This is the seventh article of a series dealing with the Tax Relief, Unemployment Insurance Reauthorization, and Job Creation Act of 2010 (“Act”). For the first six articles, see:
Part 1 – Charitable IRA Rollovers
Part 2 – Estate Tax/Carryover Basis Election for 2010 Decedents
Part 3 – Temporary $5 Million Estate Tax Exemption
Part 4 – Temporary $5 Million Gift Tax Exemption: Use it or Lose It
Part 5 – Gifting Without Making Yourself a Pauper
Part 6 – Making Gifts Without Paying Tennessee Gift Taxes
Part 5 discussed methods for maintaining access to cash flow from gifted assets. Part 6 discussed methods for avoiding Tennessee gift taxes. This article will discuss a method for combining the concepts discussed in Parts 5 and 6.
A Tennessee QTIP Trust allows you to make a completed taxable gift for federal gift tax purposes without paying Tennessee gift taxes. The reason you do not pay Tennessee gift taxes is because the trust qualifies for the Tennessee gift tax marital deduction. This is not a new technique. We have been using it for 12 years. There has always been a difference between the federal gift tax exemption and the Tennessee gift tax exemption. However, due to the higher federal gift tax exemption, we plan to establish more Tennessee QTIP Trusts in 2011 and 2012 than all prior years combined.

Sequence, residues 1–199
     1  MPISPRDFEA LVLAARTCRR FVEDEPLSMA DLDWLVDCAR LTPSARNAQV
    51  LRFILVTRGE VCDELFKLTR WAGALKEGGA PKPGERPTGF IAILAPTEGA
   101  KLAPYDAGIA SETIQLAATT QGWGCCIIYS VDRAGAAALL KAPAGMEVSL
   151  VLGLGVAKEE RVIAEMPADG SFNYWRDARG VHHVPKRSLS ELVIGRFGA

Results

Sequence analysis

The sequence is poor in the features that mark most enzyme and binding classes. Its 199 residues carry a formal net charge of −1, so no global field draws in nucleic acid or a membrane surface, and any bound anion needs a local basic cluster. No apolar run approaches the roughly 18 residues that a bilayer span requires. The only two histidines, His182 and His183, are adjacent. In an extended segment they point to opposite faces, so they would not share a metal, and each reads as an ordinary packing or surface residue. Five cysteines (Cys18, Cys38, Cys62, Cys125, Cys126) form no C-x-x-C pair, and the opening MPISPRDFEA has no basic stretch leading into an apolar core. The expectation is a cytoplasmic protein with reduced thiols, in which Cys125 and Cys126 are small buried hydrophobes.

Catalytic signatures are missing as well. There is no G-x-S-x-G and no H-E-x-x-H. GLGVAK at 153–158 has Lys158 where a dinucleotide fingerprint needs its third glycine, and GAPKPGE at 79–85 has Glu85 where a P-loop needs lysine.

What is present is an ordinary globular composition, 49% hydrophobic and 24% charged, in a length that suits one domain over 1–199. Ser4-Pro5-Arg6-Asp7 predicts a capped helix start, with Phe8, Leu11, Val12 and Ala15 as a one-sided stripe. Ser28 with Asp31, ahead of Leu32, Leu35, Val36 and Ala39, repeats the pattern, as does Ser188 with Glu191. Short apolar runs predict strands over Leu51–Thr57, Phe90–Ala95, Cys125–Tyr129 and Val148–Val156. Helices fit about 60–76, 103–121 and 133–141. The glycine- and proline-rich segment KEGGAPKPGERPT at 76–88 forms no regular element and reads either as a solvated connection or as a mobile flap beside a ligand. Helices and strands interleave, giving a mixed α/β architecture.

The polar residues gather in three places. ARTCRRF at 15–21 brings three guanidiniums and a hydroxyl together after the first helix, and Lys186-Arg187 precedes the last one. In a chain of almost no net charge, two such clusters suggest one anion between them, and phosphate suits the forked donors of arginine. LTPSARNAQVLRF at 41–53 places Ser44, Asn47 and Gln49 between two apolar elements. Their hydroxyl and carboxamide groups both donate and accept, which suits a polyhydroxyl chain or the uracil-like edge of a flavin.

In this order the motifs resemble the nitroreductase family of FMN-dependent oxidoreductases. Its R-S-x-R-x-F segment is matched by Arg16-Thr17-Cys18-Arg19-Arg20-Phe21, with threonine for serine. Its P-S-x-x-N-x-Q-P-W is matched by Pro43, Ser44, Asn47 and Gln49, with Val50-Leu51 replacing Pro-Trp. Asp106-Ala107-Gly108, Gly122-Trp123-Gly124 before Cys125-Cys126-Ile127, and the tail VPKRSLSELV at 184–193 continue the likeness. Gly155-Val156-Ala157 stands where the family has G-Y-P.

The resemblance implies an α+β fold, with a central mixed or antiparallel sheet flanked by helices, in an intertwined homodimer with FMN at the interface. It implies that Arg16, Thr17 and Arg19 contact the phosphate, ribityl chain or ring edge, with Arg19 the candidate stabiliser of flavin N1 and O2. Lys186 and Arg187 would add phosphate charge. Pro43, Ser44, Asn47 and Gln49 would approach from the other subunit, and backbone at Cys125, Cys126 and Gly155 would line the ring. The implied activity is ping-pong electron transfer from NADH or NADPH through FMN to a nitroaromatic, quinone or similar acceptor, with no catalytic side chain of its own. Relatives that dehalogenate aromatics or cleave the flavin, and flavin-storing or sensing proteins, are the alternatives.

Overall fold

Another appealing feature of a Tennessee QTIP Trust is the spouse’s access to cash flow from the trust. A lot of our clients would make no gift at all or would make a much smaller gift if they could not obtain access to cash flow.
Tennessee QTIP Trusts do not provide cash flow for your children. If one of your objectives is to increase cash flow for your children, you should consdier other techniques, perhaps in conjunction with a Tennessee QTIP Trust.
In summary, if you would like to take advantage of the temporary $5 million federal gift tax exemption but are unwilling to pay Tennessee gift taxes or need to maintain indirect access to cash flow, you should consider establishing a Tennessee QTIP Trust.